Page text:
As Tefft turns his truck into the Great Swamp Management Area, 3,000-plus acres of woods and freshwater wetlands in West Kingston, the team is met by T.J. McGreevy, director of the Wildlife Genetics and Ecology Laboratory at URI, and a grad student who works there.

The lab has taken DNA samples from all the rabbits bred at Roger Williams Zoo and tracked the population on Patience Island by gathering fecal pellets for comparison. McGreevy and others at the lab will do a similar analysis on the rabbits released in the Great Swamp.

A mile or so into the management area, they pull over. Tefft, who has overseen controlled cutbacks of 100 acres here three times since 1995, points to a stand of untouched forest.

"This," he says, "is kind of rabbity." He turns to a wall of thorns on the opposite side of the path where the forest was cut back. "But this is way more rabbity."

But it's not just rabbits that benefit from the creation of more young woodlands. The work here was originally meant to create habitat for the American woodcock, a migratory shorebird whose numbers have been declining. Other shrubland songbirds, including eastern towhees, indigo buntings and blue-winged warblers, can also thrive in this environment.

Similar cuts have been done in the Arcadia Wildlife Management Area, in Exeter, and the Big River Management Area, in West Greenwich, in preparation for cottontail releases in the future. The Audubon Society of Rhode Island has also created cottontail habitat on some of its properties.

Tefft picks up the largest of the three rabbits and weighs it: 3 pounds.

"She's a big fat mama," Finn remarks. She feels its belly for babies but can't find any. The doe could be pregnant, but it's still early in the breeding season and the 28-day gestation period could have just begun.

As Tefft holds the rabbit, McGreevy carefully cuts a tiny notch of skin and fur from its ear while Finn swabs the wound for a blood sample. Both will be used to extract DNA. Finally, Tefft wraps a GPS collar around its neck and, like a surgeon with a nurse, asks for Finn's help.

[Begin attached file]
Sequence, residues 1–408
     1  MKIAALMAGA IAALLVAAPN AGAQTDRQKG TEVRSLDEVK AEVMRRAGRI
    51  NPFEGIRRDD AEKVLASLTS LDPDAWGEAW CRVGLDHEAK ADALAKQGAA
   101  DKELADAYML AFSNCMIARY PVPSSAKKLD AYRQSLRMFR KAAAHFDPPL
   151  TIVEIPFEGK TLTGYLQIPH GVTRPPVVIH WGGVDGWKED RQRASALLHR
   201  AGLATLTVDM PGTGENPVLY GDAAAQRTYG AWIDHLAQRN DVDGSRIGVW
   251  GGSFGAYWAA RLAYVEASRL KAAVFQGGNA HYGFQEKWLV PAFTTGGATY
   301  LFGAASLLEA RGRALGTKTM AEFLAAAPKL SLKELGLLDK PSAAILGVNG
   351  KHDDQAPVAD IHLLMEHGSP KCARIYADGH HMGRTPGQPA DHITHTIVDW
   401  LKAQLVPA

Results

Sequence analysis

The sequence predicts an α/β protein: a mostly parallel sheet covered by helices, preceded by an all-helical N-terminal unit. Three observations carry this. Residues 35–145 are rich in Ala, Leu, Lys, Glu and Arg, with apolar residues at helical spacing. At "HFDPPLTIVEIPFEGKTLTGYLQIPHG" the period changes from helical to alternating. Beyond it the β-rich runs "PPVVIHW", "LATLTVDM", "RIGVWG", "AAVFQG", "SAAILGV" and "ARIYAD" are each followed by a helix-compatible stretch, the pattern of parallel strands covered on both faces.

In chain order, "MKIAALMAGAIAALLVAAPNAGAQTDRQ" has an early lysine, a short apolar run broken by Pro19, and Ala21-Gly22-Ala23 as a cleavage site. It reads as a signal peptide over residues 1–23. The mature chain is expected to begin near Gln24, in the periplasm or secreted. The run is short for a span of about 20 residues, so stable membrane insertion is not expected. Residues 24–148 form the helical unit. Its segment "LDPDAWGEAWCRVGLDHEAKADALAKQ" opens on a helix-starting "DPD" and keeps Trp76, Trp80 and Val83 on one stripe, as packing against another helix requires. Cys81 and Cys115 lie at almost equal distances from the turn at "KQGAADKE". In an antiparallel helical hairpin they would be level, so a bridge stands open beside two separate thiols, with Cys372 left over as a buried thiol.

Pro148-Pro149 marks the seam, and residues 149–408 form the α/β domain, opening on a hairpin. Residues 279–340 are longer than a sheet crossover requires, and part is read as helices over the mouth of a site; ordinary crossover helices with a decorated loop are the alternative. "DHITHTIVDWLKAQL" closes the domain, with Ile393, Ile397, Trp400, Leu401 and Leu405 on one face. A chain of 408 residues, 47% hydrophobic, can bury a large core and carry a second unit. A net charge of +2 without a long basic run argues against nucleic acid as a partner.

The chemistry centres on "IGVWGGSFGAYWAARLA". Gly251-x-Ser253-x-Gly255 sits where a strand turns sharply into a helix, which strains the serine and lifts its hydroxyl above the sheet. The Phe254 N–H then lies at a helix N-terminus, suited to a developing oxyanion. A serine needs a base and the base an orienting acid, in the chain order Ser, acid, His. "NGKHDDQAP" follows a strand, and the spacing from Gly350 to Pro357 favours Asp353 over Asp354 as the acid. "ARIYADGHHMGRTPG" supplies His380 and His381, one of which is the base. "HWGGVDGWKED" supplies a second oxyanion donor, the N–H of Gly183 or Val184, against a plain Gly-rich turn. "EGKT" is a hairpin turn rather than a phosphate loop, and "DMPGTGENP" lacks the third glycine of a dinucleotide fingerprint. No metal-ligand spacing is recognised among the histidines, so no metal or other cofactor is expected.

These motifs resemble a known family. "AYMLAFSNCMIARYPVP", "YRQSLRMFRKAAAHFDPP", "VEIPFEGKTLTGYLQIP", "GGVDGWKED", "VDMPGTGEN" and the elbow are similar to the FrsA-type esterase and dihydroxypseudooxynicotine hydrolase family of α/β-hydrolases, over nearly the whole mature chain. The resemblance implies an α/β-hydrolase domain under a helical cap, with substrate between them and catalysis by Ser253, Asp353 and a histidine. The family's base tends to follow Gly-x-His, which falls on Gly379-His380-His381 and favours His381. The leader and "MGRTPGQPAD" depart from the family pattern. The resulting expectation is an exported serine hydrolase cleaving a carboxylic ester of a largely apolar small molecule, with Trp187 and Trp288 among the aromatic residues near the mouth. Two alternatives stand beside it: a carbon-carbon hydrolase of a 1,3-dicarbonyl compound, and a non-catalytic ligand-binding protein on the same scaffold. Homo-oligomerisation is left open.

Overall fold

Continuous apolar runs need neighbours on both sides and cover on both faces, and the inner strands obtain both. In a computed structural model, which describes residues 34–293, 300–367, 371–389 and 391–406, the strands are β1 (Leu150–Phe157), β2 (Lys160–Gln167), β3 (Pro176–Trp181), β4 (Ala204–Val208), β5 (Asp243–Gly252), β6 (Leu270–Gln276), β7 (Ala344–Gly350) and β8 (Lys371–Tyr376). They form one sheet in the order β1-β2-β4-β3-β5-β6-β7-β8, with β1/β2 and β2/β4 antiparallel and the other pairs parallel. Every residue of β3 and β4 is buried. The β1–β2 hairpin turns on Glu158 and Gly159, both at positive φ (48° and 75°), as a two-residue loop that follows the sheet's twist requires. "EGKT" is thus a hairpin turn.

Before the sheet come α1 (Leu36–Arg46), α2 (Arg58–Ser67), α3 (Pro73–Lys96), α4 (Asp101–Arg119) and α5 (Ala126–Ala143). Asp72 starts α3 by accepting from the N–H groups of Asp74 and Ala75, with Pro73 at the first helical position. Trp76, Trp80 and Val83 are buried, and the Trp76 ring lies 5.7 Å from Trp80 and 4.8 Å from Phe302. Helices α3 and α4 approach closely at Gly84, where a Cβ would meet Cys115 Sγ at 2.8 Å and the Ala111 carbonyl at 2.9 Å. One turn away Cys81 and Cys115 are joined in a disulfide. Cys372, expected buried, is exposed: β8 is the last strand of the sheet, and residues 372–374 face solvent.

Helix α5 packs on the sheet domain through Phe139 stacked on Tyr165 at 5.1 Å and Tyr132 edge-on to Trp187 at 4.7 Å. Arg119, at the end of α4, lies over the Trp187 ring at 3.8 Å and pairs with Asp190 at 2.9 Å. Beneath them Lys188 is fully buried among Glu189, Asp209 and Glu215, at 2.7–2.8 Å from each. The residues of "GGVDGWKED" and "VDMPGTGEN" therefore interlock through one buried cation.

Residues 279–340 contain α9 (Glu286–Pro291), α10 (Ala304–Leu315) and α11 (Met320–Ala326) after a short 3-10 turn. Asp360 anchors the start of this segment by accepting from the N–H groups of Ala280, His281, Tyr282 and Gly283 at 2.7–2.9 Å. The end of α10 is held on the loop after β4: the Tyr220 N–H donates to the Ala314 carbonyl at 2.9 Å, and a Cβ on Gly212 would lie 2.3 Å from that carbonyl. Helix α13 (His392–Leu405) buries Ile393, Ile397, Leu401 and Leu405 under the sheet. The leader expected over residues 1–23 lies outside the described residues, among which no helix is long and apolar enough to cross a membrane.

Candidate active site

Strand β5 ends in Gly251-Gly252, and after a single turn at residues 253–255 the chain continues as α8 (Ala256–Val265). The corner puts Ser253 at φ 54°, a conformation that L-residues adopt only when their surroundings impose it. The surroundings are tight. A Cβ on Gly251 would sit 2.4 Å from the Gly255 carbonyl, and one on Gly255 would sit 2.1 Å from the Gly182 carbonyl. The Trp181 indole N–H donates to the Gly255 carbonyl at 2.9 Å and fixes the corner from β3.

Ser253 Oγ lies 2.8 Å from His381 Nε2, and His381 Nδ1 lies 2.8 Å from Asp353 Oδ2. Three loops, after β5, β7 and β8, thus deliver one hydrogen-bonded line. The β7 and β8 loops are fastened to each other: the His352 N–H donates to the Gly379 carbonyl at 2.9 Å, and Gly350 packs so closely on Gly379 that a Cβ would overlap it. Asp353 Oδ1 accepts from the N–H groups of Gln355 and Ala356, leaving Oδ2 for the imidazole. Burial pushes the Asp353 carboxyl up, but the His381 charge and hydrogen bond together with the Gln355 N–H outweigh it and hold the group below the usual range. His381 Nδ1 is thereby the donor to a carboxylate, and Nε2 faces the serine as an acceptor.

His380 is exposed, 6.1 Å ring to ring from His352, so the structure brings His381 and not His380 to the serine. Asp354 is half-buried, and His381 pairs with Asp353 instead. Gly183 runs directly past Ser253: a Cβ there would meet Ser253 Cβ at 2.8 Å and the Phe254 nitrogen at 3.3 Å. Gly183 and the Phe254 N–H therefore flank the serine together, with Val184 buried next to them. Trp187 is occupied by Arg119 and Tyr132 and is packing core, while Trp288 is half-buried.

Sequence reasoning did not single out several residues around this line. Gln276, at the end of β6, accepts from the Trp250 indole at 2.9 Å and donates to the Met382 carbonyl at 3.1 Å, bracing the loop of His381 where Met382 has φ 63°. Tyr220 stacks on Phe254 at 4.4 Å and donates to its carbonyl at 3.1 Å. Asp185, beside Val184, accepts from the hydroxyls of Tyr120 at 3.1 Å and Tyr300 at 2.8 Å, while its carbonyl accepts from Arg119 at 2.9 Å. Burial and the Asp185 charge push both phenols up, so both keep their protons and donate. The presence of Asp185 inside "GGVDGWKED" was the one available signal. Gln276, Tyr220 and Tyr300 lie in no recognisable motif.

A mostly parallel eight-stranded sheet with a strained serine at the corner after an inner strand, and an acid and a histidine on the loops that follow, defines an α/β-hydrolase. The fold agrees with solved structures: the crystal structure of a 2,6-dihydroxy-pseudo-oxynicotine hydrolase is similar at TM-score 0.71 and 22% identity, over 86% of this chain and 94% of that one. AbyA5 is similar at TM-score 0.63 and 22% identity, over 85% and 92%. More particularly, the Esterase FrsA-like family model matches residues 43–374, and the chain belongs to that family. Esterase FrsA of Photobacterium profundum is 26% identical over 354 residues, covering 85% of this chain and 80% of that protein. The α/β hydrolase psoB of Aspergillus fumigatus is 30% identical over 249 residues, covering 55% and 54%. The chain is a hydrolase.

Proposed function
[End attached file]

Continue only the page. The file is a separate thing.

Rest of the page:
"I need the U-bolt, please."

"Washer, please."

He tightens a nut with a socket wrench and soothes the rabbit. "I'm sorry for all the manhandling, sweetheart," he says.

A moment later, he sets it free.

Wrapping Up

The next day, Tefft, Goodie and Finn catch the last female they need. They're finished for the year, and will spend the next nine months or so waiting to see how the relocated rabbits fare.

In the meantime, Tefft will come out twice a week to get readings from the radio collars, checking to see where the rabbits roam. The team won't have a clearer picture of the rabbits' fate until next winter, when the first snow falls, and students and staff from the URI lab come out to collect their pellets — they're easier to find against the blanket of white.

Twenty rabbits have made the trip, 12 bucks and 8 does. If half survive, that will be considered a good return. Because female cottontails can become pregnant with four or five young up to four times a year, the rabbits' numbers are quickly replenished.

It's a lot of work for a little animal that most people will never see, but Goodie and the others have no doubt it's worth it.

"When my kids are old enough to ask me what I do, I'll say, 'I helped save an animal from getting wiped off the planet, '" says the father of two.